I would like to say that generally, we are a gallery of contemporary realism, but I absolutely love surrealism, expressionism, figurative sculpture, and wearable art. I’m a very goal oriented person and have a lot of goals set out as kind of future markers, but my biggest gallery goal is to have a good reputation with both artists and collectors. As an artist myself, I’ve heard horror stories about the way artists are sometimes treated by galleries and I don’t want to fill any stereotype in that way at all.
Could you tell our readers more about your opening show?
Our opening show is titled “A Taste of Sparrow”. The title is just meant to say that these are things I like and intend to show more of in future exhibitions. We have so much incredible work for our first introduction – I’m very humbled by the talent that has agreed to take a risk to show with me as a brand new gallery with no established names or reputations.
We have life sized sculpture by Susannah Zucker, the fantastical imaginative work of Alan Macdonald, the edgy, but traditionally inspired work of Rose Freymuth-Frazier, wonderful collaborative works by Daniel Acosta and Tavo Montavo, life-like sculpture of Eirik Arnesen, hyperrealist graphite drawings by Jesse Stern, intensely complicated and fabulous wearable art by Elle Green, and equally amazing work by so many more that are all so different but complementary (the list is long!).
Our opening was completely overwhelming – in the best possible way. So many months of work to build the gallery and fill it with beautiful things. Fortunately, everyone seemed to like it and over 200 people showed up! This past week has been spent processing it all and welcoming all of the neighborhood people who are discovering us now that our windows are uncovered and front door unlocked.
How did you selected your artists and the artworks exhibited?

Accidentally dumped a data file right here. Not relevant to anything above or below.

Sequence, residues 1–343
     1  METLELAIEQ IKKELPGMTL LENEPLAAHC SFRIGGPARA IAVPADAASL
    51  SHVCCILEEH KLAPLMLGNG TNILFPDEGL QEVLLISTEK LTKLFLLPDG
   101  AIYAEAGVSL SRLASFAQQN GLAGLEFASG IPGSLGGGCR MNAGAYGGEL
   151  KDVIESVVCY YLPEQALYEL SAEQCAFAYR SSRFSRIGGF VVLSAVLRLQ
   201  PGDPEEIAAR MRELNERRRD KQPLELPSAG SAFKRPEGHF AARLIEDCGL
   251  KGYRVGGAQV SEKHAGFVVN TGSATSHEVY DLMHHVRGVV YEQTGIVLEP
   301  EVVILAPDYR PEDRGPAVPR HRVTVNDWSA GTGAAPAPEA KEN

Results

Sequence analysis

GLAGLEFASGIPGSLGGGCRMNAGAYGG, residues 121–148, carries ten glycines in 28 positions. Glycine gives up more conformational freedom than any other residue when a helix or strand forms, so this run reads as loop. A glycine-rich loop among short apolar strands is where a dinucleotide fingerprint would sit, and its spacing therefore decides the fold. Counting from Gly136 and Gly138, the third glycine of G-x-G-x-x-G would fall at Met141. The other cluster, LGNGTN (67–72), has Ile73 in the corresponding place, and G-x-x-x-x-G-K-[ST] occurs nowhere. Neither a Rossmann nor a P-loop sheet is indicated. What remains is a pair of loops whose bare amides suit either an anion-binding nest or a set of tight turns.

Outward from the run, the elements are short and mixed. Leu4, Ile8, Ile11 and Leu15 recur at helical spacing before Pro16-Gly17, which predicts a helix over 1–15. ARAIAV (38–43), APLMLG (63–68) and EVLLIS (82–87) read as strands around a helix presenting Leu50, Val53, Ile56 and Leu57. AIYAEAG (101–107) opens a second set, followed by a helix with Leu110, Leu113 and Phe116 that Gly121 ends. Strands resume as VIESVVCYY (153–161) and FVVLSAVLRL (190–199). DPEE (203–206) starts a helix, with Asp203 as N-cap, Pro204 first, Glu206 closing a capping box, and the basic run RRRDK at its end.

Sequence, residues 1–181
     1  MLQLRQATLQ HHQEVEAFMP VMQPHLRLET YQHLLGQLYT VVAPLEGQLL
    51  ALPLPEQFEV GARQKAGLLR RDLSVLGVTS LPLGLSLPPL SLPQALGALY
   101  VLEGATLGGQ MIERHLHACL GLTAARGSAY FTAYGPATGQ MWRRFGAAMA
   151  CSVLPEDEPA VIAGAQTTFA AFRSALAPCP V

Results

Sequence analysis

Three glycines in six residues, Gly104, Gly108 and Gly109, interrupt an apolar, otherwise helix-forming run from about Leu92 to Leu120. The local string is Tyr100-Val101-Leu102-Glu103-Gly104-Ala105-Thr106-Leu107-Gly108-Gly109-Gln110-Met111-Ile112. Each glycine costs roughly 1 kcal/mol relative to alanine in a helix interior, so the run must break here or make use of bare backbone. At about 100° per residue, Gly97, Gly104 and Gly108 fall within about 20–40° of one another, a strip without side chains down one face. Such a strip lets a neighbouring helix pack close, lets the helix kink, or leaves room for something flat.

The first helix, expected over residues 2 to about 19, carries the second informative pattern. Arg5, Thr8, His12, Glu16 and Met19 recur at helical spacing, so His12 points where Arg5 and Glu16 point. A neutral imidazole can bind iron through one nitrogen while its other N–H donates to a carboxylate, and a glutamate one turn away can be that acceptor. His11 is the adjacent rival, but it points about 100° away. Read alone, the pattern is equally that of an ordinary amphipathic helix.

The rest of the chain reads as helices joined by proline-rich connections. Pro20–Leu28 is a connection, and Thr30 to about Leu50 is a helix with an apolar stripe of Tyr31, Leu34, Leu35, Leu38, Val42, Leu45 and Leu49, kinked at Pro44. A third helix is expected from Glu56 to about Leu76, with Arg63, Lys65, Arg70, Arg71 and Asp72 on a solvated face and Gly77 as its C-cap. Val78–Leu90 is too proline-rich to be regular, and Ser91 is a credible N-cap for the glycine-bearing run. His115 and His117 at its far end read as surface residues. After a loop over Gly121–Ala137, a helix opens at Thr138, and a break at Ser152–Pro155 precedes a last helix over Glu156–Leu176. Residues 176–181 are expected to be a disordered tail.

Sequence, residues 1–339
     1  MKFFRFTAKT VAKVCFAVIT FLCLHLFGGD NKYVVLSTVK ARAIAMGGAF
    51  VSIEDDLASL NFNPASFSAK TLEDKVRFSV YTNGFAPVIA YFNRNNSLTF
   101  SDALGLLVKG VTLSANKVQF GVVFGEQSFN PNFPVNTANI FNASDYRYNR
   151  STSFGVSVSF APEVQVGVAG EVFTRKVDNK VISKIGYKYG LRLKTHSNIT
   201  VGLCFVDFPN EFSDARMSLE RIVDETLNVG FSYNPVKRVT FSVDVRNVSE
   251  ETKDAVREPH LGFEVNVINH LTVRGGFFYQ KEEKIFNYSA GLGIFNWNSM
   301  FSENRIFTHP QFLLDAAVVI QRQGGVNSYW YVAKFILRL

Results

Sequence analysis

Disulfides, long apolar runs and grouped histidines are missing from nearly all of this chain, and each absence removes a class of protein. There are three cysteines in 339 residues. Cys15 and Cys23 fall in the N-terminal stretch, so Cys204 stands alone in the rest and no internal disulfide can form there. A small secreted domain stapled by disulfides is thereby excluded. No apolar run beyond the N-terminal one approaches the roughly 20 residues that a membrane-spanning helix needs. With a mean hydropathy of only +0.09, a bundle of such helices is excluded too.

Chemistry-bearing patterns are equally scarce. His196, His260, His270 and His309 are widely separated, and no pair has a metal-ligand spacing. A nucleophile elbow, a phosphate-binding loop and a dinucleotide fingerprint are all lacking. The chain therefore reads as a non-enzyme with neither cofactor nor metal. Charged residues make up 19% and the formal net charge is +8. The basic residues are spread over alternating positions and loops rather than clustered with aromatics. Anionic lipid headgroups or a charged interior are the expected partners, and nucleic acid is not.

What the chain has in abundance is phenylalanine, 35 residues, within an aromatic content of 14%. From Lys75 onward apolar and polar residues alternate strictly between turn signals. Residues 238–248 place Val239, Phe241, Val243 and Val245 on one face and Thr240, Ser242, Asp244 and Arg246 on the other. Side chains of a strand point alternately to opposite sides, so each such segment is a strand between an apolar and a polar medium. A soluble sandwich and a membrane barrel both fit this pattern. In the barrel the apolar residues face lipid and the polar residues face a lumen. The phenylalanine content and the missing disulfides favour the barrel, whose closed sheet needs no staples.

I selected artists I’ve admired and followed their careers for a while, and crossed my fingers that they’d say yes when I asked them to show with me in my still under construction space. I’ve been an art (and wearable art) collector for as long as I have been able to collect and a lot of the artists I am showing are “dream collects” of mine. I’m working on building my artist rosters constantly.
What are the artists and artworks you would like to highlight next and dream to show in your gallery?
Our next show will be a dual solo presentation between Colombian Anthropologist and abstract painter, Juan Carlos Gomez B and American ceramic sculptor Susannah Zucker. Both of these artists have humanity at the core of their work and I like the connection despite the very different styles of their work. The show is called “On Humanity: Fragile Connections”.
I think every show that’s ahead will be my next “dream show”. I’m SO EXCITED about each and every artist we have coming up. Of course, there are a handful of contemporary artists that I know are probably unlikely “dream” shows, but I’m hoping that by building my reputation and with some time, it will be a little bit easier to get them to agree to put their trust in me to host their work in my space.
I put my everything into the things I do – I pour my heart and soul into things and fill it with excitement. We’ve only just begun!
Michelle Avery Konczyk
Marina Eliasi and Rose Freymuth-Frazier